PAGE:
Ever the political genius, Bill Maher has predicted that Mitt Romney lost the presidential election with his response to President Obama’s response to the Cairo Embassy attacks last week. Maher compared Romney’s response to the president as being the same as John McCain’s decision to suspend his campaign in 2008 when faced with a financial crisis. Maher said McCain made Obama look “cooler and smarter,” and essentially won the court of public opinion with his decision. Maher believes Romney has done this same basic thing.
Aside from giving the American voter too much credit, Maher is making his own political overstatement here. While he is certainly free to voice his own commentary about what he believes will win or lose the election for either candidate, he also makes it no secret that he is, through and through, an Obama supporter. Maher is no different from any other Obama supporter in this regard: his “opinions” are really nothing more than “wish projections.” Maher may actually believe he is being objective in his predictions, but his Obama bias is showing nevertheless. Maher wants the rest of us to believe that there are a whole heap of “undecided voters” out there that have just fallen to the Obama side of the fence because of what Romney has said regarding attacks on the US Embassy. Either Maher is delusional, or he believes his audience is.
The primary problem with political punditry is that it is constantly masquerading as “authoritative” even though it changes day by day, hour by hour, and minute by minute. We have become so saturated with talking heads talking about other talking heads that we have begun to accept opinion as fact, and fact as political ammunition. In reality, fact matters little in our modern age of opinion generation. Like Maher, most of us have our minds made up already, thank you very much. We will listen to those who regurgitate opinions that sound much like our own and tune out those who say something different. Political commentators need to make it sound like the election is still undecided, but the truth is that the outcome of the election would be the same today as it will be in November, despite the ever-fluctuating polls. Very few American voters are “undecided” at this point; and even if they are, one political event will not make or break their decision, Bill Maher to the contrary.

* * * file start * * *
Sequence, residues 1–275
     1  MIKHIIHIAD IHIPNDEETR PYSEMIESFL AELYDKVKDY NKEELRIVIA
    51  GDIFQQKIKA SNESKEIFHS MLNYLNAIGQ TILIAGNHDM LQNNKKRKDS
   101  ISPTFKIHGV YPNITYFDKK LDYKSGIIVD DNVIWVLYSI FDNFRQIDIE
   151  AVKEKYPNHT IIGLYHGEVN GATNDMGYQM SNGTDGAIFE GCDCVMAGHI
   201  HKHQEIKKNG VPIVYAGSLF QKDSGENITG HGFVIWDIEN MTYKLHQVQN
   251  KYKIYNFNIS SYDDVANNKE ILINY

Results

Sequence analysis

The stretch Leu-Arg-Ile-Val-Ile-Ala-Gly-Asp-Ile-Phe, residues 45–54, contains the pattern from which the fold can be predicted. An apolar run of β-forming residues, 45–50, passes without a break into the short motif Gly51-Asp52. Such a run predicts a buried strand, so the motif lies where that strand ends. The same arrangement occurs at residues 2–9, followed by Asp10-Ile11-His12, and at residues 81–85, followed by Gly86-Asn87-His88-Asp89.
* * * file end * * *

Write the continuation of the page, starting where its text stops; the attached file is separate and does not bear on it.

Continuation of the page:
I find it amazing that Maher even references the John McCain “campaign suspension” as a turning point in the 2008 election. I would be shocked if even 10% of those who voted in the 2008 election even remember this. Maher only remembers it because he has a staff of researchers to remember it for him. It hardly made Obama look “cooler and smarter,” unless, of course, you already thought Obama was “cooler and smarter” than McCain. It was not what lost the election for John McCain; John McCain did that all on his own. Joe Biden could have probably beat John McCain because Republican voters stayed home in droves.
As a political commentator, Bill Maher gets paid to run his mouth. He gets more money if he is polarizing, even more if he is controversial. While saying Romney lost the election due to his response last week is hardly controversial, it is polarizing. Rush Limbaugh can be expected to defend Romney’s actions and Bill Maher can be expected to criticize them. It all makes for great political theater. And in an age of televised everything, great political theater is getting harder and harder to come by. As long as Bill Maher is willing to wear the Obama jester hat, people will still tune in and listen to him make a political ass of himself.